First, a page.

Facts about Napoleon Bonaparte
Napoleon Bonaparte Biography
Napoleon is the most charismatic general in French history, famed for his military successes and (at the same time) for not quite conquering Europe. Starting as a second lieutenant in the French artillery, he rose quickly through the ranks until he staged a 1799 coup that made him First Consul of France. (In 1804 he went further, proclaiming himself emperor.) He led his armies to victory after victory, and by 1807 France ruled territory that stretched from Portugal to Italy and north to the river Elbe. But Napoleon’s attempts to conquer the rest of Europe failed; a defeat in Moscow in 1812 nearly destroyed his empire, and in 1814 he was deposed and exiled to the island of Elba. The next year he returned to Paris and again seized power, but this success was short-lived: the French army’s 1815 loss to the Duke of Wellington at the Battle of Waterloo finished Napoleon for good. He was sent into exile on the island of St. Helena, where he died in 1821. His body was returned to Paris in 1840, and his tomb there remains a popular attraction.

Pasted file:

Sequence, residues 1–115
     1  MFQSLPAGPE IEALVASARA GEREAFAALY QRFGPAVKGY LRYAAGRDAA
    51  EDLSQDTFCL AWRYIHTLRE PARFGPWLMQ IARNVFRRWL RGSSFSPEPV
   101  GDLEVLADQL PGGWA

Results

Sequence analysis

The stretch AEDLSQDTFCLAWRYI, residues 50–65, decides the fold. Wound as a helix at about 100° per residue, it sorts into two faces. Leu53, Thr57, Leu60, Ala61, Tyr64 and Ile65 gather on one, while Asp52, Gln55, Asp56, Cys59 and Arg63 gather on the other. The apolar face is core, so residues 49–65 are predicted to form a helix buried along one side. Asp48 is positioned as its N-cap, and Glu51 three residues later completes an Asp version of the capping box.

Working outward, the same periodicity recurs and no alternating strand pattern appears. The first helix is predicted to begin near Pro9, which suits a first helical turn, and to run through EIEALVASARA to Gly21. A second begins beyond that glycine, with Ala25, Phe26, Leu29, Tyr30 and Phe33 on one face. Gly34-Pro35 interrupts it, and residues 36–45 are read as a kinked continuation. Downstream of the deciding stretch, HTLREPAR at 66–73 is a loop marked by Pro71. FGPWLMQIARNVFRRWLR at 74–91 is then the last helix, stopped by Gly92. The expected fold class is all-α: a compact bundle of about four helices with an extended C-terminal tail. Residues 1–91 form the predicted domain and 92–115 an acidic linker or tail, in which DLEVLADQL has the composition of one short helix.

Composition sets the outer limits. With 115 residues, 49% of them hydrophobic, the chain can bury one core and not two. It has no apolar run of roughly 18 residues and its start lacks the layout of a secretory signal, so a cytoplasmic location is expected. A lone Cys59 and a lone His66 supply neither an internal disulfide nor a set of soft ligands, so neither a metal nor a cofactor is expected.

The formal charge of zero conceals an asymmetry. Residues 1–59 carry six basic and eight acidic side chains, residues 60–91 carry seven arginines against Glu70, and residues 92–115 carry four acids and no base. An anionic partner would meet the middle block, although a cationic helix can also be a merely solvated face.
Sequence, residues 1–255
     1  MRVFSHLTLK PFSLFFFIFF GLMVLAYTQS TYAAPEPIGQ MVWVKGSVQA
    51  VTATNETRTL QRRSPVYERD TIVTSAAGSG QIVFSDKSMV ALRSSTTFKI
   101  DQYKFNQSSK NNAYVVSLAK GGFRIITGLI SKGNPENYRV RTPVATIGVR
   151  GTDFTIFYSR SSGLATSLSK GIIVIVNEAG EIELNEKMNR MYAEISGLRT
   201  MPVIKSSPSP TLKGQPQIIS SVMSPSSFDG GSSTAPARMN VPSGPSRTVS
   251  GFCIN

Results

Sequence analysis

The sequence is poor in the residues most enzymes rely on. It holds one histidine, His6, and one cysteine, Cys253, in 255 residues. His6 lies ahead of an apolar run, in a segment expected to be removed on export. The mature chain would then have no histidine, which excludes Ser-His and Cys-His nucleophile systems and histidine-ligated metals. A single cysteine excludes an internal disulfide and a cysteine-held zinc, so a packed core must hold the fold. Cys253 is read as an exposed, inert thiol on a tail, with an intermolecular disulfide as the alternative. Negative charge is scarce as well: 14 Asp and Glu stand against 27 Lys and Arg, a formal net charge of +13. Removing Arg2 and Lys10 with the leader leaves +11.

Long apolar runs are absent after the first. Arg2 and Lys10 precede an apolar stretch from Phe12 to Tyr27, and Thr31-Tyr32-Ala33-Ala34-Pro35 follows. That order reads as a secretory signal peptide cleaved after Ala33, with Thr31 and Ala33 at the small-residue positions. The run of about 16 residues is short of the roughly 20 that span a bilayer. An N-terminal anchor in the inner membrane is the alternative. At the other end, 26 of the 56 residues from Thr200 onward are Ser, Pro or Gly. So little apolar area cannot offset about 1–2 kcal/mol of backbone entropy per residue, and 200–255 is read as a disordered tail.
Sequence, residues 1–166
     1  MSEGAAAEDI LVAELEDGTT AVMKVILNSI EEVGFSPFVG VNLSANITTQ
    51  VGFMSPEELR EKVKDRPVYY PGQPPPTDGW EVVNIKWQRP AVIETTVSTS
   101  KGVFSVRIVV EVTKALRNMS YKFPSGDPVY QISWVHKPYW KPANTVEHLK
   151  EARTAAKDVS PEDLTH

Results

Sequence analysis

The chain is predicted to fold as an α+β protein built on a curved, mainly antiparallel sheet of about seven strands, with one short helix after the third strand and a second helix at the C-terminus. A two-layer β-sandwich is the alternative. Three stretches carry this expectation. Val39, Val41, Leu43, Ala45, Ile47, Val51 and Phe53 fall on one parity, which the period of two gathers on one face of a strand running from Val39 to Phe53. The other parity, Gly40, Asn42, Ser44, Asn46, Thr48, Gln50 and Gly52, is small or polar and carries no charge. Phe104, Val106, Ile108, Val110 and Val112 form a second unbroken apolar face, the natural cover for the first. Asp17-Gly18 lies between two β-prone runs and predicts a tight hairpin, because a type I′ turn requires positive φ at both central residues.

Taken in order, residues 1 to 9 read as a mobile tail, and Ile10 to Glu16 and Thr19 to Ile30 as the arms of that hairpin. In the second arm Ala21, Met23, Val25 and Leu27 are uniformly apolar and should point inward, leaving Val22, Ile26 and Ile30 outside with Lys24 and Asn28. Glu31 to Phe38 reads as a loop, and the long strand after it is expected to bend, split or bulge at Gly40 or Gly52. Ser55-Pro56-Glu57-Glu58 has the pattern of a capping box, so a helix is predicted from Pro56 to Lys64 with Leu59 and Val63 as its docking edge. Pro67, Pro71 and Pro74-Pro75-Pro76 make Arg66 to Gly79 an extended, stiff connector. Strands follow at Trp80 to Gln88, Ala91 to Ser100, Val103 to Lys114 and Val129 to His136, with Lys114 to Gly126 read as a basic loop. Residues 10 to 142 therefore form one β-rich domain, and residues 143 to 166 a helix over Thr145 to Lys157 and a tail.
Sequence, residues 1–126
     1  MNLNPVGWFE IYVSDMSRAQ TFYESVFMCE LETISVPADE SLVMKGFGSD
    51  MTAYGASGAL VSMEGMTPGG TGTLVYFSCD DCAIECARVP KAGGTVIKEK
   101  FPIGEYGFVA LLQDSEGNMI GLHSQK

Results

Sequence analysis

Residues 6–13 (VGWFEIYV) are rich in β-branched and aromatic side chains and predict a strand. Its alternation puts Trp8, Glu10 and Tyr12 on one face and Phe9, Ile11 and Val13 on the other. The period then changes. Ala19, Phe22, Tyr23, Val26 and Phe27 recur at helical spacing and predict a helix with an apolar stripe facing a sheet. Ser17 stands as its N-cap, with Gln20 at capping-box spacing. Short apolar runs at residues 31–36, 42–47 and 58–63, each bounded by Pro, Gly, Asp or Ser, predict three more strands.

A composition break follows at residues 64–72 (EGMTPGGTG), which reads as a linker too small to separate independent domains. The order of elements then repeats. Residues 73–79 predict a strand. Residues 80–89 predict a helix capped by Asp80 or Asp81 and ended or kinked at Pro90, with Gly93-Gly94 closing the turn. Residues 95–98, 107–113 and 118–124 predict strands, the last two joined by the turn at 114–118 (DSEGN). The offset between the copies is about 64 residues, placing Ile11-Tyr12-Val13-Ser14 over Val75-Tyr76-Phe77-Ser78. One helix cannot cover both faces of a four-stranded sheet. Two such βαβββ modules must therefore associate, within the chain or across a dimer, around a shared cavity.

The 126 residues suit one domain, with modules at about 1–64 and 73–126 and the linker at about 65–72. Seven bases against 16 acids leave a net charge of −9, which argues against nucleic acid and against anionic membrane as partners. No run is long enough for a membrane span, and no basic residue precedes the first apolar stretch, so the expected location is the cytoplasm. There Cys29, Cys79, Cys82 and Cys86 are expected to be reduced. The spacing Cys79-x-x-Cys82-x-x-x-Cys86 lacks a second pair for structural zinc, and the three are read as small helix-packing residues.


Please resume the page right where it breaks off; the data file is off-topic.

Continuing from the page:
Napoleon was short enough that early in his military career he was nicknamed “The Little Corporal.” According to Napoleon.org, at his death he was 1.68 meters tall, or about 5’6″… Napoleon died of an unidentified ailment, possibly stomach cancer; because traces of arsenic were later found in his remains, some have suggested he may have been fatally poisoned… The famous portrait of Napoleon with his hand stuck in his vest was painted by Jacques-Louis David.